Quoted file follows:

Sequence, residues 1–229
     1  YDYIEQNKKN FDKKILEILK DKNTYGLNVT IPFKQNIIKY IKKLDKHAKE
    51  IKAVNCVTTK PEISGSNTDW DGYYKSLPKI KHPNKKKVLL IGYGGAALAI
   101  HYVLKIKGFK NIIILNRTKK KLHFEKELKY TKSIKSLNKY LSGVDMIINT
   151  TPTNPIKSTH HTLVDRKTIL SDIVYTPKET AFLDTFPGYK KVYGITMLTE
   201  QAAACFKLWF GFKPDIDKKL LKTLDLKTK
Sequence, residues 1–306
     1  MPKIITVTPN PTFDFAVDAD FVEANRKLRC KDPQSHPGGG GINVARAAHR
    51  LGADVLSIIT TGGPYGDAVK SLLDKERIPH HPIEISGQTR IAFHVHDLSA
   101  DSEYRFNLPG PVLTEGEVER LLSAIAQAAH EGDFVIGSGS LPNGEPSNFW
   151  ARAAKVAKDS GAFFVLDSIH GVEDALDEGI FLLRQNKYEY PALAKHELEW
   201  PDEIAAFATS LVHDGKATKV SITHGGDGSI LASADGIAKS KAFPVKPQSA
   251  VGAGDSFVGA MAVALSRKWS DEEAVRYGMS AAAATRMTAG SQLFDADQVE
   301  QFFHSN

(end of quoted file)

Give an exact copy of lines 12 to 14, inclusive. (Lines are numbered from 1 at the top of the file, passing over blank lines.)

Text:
   201  PDEIAAFATS LVHDGKATKV SITHGGDGSI LASADGIAKS KAFPVKPQSA
   251  VGAGDSFVGA MAVALSRKWS DEEAVRYGMS AAAATRMTAG SQLFDADQVE
   301  QFFHSN